- Give yourself time to adjust - you don't have to get everything right straight away, nor do you have to rush into making major decisions about staying or leaving.
- Remember you may feel homesick at any point during university. It is not just something that happens in the first few weeks.
- Remember to eat properly - It is vital for you to have enough energy to participate and concentrate as well as looking after your physical and mental health.
- Make sure you are sleeping - If you are tired it is much harder to manage difficult emotions.
- Keep in good contact with people from home but also give yourself time to get involved at university. Why not arrange a trip home several weeks into the Semester (or whatever feels right for you) so that you have something to look forward to.
- Be realistic - don’t put yourself under pressure to be happy and successful all the time.
- Acknowledge your feelings and accept them. Tell yourself the feelings will pass, they almost always do. Remind yourself that the vast majority of your peers are feeling or have felt like you. They, like you, just might not talk about it.
- Recognise that you may feel both homesick and be having a great time. By enjoying yourself you are not being disloyal to those you miss.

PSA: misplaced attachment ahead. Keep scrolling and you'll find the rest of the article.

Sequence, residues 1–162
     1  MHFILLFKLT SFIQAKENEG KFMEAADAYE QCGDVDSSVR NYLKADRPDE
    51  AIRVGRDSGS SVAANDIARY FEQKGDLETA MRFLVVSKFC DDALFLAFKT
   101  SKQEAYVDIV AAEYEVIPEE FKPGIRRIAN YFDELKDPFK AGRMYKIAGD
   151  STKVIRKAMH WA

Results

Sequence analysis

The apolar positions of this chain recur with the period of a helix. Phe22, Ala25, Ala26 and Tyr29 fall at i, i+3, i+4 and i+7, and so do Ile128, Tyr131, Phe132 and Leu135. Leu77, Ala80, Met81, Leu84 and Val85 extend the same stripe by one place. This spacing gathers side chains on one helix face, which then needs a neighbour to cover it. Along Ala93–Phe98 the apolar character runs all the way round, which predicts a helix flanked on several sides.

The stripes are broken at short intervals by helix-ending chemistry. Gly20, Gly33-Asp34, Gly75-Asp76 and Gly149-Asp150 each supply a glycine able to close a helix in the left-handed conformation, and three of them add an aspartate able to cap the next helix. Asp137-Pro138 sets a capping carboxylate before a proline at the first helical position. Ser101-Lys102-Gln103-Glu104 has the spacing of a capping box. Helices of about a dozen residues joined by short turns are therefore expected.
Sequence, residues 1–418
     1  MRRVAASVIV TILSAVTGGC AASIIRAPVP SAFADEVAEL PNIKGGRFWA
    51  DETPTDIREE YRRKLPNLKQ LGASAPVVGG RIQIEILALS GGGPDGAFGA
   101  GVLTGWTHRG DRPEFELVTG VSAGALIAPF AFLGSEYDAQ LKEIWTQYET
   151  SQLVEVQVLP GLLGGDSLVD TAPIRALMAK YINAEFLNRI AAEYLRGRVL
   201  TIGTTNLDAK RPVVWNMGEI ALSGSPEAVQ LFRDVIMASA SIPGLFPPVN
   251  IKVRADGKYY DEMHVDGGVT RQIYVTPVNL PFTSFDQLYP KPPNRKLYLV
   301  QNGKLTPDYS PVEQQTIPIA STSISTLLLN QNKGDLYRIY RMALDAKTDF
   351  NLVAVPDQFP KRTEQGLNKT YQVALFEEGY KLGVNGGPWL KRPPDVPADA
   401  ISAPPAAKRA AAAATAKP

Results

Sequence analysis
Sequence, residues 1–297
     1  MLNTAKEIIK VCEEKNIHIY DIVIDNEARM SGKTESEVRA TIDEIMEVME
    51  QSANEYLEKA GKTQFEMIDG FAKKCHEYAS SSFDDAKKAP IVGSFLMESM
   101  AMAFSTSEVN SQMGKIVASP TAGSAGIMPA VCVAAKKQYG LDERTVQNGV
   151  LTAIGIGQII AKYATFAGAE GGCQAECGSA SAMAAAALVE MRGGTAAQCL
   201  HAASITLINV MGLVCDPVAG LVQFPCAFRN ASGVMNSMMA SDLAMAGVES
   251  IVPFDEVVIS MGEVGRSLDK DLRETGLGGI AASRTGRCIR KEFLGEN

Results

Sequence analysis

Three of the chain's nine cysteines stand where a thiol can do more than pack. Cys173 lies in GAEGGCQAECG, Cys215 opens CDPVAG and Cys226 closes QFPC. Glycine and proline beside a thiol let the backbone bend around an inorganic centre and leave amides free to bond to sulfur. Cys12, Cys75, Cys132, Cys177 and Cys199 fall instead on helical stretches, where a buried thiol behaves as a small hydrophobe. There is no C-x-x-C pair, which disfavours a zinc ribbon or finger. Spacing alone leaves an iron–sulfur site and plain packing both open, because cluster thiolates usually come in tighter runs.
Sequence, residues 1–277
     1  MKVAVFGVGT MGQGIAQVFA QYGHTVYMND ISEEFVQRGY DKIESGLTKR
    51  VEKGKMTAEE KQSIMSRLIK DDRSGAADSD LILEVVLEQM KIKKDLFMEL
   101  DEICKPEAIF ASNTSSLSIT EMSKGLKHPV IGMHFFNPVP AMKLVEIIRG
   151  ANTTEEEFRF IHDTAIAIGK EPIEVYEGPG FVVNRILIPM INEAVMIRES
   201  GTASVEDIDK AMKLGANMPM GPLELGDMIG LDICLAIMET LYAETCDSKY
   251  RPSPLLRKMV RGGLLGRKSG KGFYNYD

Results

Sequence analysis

- Remind yourself of all the reasons why you chose to study in York and think about the ways in which your studies will enhance your future career prospects.
If you stop being able to do your usual social and academic activities, seek professional help either from your doctor, or the Wellbeing Team in Student Services.
In addition to our usual weekday Wellbeing drop-in sessions, we run daily Welcome Wobbles sessions from Monday 11th - Friday 22nd September. If you are feeling overwhelmed and would like a quiet space to talk about how you are feeling then come for a confidential 1-2-1 session to talk things through. No need to book, just ask at the Student Advice Desk in Holgate:
|Mondays, Wednesdays and Fridays||10-12noon and 3-5pm|
|Tuesdays and Thursdays||10-12noon and 1-3pm|
If the difficulty of academic work has come as a shock then seek help from your academic tutor, or book a session with the Study Development Team in Student Services to help improve your academic skills.
If you are considering leaving, this is a big decision so make sure you talk to people first. Aside from family you might want to speak to your tutor, the Careers and Employability Team, a Chaplain, or the Wellbeing Team
- ...comparing university to home.
- ...going home on your first weekend or two. Is going home helpful or does the constant re-adjustment make you feel worse?
- ...getting a family member to visit you for more than a brief period during your first few weeks.
- ...giving up – feeling homesick tends to make people less motivated to do things. If you don’t do things you are unlikely to enjoy and connect with university making it more likely that you will feel homesick.
- ...seeing homesickness as a sign of weakness. It isn't, it is a normal part of the transition process.